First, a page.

1. HOME
  2.  | 
  3. Industry
  4.  | 
  5. Agriculture
  6.  | Study: Cannabis Tops All Alaska Crops

Study: Cannabis Tops All Alaska Crops

Nov 3, 2021 | Agriculture, News

Engdao Wichitpunya | Dreamstime.com

Move over, hay. Alaska has a new top-selling cash crop, by a lot. Cannabis has a greater wholesale value than all other agricultural commodities in the state combined, according to a study by marijuana hub website Leafly.

A Growing Industry

The study is the first of its kind, mostly because the federal ban on marijuana prevents the US Department of Agriculture (USDA) from tracking the crop like it does corn or soybeans. Leafly’s editors teamed up with cannabis industry consultant Whitney Economics to calculate the cash value of the marijuana harvest in eleven states where the drug is legalized, approximating the same methods the USDA uses to measure the value of other crops.

For Alaska, the study puts the value of the marijuana harvest, as of the end of the fiscal year in June 2021, at $104 million. That dwarfs the $9 million for hay, $1 million for barley, and about $30 million for all other produce and livestock farmed in Alaska.

Current Issue

Alaska Business May 2022 Cover

May 2022

Year round, under artificial lights, 356 licensed growers in Alaska raised twenty-one metric ton cannabis for the annual harvest. To calculate the wholesale value, Leafly had to estimate the dried, cured bud, the most common form sold and taxed through legal retailers. The study does not encompass non-consumable hemp.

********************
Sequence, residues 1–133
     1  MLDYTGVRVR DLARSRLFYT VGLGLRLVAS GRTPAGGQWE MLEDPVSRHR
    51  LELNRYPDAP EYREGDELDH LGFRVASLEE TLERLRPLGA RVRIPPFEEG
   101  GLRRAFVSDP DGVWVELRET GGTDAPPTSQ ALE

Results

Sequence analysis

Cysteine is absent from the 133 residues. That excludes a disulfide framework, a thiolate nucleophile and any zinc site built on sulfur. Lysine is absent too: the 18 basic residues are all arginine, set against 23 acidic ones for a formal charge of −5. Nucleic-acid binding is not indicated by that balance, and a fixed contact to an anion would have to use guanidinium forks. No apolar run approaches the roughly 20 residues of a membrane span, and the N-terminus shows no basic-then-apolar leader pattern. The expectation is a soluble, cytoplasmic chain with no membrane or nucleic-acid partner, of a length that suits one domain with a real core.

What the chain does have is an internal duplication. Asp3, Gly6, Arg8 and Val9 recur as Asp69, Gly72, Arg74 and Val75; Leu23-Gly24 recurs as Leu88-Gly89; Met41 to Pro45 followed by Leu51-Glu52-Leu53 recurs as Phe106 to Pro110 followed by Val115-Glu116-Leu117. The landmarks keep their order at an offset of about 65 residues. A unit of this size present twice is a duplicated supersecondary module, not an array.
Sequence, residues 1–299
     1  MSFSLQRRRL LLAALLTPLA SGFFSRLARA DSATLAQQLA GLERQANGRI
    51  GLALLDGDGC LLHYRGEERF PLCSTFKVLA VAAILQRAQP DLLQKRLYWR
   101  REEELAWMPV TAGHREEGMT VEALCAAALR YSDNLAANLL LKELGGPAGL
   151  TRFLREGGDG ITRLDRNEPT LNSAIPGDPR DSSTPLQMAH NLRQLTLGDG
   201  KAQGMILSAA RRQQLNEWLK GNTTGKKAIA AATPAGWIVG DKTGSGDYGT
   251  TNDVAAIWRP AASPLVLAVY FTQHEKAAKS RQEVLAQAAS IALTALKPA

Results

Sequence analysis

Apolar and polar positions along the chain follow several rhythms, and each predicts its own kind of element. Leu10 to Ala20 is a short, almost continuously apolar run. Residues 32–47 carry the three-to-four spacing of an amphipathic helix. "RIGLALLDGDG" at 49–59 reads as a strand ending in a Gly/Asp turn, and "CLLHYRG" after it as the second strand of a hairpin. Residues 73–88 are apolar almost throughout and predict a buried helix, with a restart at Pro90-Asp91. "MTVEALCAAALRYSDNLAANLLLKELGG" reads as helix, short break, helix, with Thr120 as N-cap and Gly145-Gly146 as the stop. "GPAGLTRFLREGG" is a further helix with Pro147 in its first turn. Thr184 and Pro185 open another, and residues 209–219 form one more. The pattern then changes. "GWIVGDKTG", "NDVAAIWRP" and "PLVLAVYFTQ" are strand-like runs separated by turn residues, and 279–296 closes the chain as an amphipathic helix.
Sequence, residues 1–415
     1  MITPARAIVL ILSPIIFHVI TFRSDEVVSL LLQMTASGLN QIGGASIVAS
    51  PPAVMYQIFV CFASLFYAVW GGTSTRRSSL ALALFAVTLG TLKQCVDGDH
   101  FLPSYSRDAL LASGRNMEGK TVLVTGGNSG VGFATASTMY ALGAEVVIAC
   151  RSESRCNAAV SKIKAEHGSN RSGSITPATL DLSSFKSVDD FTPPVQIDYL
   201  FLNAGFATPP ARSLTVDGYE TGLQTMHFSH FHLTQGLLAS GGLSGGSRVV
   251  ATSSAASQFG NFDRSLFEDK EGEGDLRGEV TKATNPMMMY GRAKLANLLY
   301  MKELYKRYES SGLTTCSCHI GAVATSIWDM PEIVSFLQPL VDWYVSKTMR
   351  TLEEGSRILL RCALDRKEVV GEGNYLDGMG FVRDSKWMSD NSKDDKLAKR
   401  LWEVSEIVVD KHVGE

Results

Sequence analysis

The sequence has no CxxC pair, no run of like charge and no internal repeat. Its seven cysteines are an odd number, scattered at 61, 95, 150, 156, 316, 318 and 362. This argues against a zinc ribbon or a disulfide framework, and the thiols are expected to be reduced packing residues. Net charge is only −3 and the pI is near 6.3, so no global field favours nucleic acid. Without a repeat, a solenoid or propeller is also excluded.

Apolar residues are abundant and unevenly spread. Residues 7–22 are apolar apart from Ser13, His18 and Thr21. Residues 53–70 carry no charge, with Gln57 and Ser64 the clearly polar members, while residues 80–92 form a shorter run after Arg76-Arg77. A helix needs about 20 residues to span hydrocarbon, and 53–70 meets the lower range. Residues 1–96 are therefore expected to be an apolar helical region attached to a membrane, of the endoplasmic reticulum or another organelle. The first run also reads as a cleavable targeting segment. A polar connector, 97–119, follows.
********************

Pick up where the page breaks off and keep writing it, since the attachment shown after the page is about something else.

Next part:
Among the eleven states with legal marijuana industries, the study found cannabis is the top cash crop in five of them: Colorado, Massachusetts, Nevada, and Oregon. Nationwide, the study’s estimate of cannabis wholesale value of $6.2 billion exceeds the totals for cotton, rice, or peanuts. Only corn, soybeans, hay, and wheat are bigger cash crops.

The study notes that the nation’s 13,042 cannabis farms are still subject to restrictions due to federal law criminalizing the drug. Growers are shut out of farm subsidies and crop insurance, and financial transactions are mostly cash only.

Industry Sponsor

Become an Industry Sponsor

Alaska Business April 2022 cover

In This Issue

Colorless Green Ammonia Sleeps Furiously
May 2022
Hydrocarbons are a two-edged sword. One edge is hydrogen, storing energy like wound-up springs that is released when combusted with oxygen. The other edge is the carbon atoms the hydrogen is bonded to, which in the grip of oxygen become a climate-warming veil of carbon dioxide gas. Petroleum under the North Slope and methane under Cook Inlet have both potentials: productive energy from hydrogen and destructive pollution from carbon. In a decarbonizing global market, Alaska needs a way to separate the good from the bad.
Share This